Plaintiff was not involved in the negotiations leading up to the 1966 agreement, 1969 addendum, or the 1970 closing but was present on all three occasions along with her late husband who participated in the negotiations. She testified that only Lots 3, 4, 5 and 6 were involved in the 1970 closing and that the right of first refusal on Lots 1 and 2 continued unaffected by the closing.
[234 NJSuper Page 227]
On January 31, 1977, without notice to the Laiellis, the Kartmans entered into an agreement with the Thomases. The agreement provided for the installment sale of the Islander Motel and granted the Thomases an option to purchase adjacent Lots 1 and 2 on or before April 4, 1984. The Kartmans and the Thomases amended the 1977 agreement in May of 1981 to provide that settlement would occur within twenty days of the execution of the amendment. Notwithstanding the 1981 amendment, the Kartmans transferred title to Lots 1 and 2 to the Thomases in May 1984 for $150,000.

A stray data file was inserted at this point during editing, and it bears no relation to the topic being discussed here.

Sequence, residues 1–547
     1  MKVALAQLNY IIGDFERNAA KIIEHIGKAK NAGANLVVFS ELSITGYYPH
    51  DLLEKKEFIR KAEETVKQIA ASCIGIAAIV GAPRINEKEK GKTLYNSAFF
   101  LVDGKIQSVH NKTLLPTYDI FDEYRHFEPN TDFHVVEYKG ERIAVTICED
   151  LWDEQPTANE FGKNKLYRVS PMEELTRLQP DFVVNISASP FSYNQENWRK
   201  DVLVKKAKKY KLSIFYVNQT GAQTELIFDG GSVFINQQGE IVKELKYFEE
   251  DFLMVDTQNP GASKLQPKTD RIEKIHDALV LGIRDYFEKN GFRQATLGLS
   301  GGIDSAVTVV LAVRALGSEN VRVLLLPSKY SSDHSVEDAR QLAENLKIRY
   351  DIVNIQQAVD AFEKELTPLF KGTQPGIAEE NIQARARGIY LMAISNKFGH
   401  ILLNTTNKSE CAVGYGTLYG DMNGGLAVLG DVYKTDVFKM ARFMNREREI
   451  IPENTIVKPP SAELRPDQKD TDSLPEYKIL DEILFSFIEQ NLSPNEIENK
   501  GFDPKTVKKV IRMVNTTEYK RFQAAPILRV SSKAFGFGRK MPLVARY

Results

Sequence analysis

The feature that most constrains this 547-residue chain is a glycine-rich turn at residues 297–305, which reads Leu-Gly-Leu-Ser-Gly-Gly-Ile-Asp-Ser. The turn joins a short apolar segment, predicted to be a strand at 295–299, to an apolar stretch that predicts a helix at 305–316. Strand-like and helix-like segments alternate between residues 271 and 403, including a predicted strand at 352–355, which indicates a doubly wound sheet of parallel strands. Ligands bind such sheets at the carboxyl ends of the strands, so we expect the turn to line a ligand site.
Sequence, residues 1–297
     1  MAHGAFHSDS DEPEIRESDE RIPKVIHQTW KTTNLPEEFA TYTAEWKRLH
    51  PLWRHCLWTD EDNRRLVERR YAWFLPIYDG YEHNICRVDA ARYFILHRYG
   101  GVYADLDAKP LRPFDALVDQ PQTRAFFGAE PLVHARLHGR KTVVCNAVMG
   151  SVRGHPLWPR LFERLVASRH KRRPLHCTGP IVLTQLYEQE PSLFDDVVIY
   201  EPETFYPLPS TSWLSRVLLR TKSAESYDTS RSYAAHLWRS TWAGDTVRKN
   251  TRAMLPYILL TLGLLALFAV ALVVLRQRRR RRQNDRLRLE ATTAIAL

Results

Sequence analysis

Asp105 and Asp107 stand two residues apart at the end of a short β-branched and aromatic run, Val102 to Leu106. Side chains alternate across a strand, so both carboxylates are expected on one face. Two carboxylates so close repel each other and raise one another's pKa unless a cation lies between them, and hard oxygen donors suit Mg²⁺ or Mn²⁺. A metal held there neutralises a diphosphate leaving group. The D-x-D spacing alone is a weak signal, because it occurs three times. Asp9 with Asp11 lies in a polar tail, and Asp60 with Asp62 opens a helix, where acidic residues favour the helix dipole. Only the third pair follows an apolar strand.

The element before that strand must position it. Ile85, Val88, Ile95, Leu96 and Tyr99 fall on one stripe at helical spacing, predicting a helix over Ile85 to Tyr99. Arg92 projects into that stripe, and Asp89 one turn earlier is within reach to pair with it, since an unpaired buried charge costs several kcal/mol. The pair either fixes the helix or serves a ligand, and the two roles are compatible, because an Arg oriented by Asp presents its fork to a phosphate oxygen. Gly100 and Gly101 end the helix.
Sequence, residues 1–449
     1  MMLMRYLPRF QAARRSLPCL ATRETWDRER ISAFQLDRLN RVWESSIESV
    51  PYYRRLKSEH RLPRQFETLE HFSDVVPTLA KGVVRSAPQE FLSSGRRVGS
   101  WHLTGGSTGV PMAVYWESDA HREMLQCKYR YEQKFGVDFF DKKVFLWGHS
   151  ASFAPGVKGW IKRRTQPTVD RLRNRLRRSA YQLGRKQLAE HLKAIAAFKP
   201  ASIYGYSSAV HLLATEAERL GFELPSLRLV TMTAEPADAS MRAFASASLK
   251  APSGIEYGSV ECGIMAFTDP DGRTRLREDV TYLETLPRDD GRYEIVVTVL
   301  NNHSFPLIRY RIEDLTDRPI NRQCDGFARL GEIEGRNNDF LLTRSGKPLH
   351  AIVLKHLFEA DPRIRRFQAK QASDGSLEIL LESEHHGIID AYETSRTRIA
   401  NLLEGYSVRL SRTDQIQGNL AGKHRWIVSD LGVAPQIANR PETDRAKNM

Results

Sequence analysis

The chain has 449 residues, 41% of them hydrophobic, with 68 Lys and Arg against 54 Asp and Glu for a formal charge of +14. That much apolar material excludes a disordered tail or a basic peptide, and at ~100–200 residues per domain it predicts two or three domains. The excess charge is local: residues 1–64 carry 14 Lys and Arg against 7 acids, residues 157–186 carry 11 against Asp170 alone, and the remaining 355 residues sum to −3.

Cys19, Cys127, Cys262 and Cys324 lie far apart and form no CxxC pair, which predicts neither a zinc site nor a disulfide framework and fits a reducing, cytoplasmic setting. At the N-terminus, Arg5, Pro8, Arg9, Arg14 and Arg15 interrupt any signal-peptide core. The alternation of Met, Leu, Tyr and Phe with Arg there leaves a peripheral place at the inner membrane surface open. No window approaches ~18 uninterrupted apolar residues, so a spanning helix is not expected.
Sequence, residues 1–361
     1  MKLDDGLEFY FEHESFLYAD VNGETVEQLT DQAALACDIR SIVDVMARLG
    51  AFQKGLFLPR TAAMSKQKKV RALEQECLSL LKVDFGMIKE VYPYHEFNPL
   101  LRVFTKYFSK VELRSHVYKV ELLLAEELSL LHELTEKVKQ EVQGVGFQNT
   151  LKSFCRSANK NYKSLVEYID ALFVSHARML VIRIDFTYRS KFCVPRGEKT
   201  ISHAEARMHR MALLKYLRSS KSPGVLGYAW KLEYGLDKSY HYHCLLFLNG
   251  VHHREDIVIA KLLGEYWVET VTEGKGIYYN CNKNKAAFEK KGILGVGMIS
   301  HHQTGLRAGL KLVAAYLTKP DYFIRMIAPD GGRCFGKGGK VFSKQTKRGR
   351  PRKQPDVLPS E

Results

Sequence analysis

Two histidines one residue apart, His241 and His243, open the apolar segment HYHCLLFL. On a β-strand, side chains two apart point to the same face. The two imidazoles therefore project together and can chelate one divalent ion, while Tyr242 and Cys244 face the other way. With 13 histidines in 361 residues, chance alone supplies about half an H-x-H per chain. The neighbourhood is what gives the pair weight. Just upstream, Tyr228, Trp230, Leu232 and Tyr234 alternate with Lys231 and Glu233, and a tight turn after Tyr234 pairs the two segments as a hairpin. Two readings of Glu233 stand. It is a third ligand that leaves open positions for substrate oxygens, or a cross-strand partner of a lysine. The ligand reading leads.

The Thomases procured a title report in connection with the purchase of Lots 1 and 2. The title report listed the 1966 first refusal option and the 1969 addendum in favor of the Laiellis. The Title Company of New Jersey conducted a search in February and March of 1984. According to testimony by their settlement clerk, their title commitment contained an exception -- the 1966 right of first refusal given under the Laielli lease purchase agreement. In order to remove the exception, the company required an affidavit stating that the Laielli's 1966 right of first refusal had been extinguished. The 1970 Laielli affidavit of title did not satisfy their concerns. The Kartmans accordingly executed an affidavit of title which stated "the right of first refusal given to Anthony Laielli and Barbara Laielli under Lease Purchase Agreement as contained in Deed Book 2327, Page 369 has been extinguished."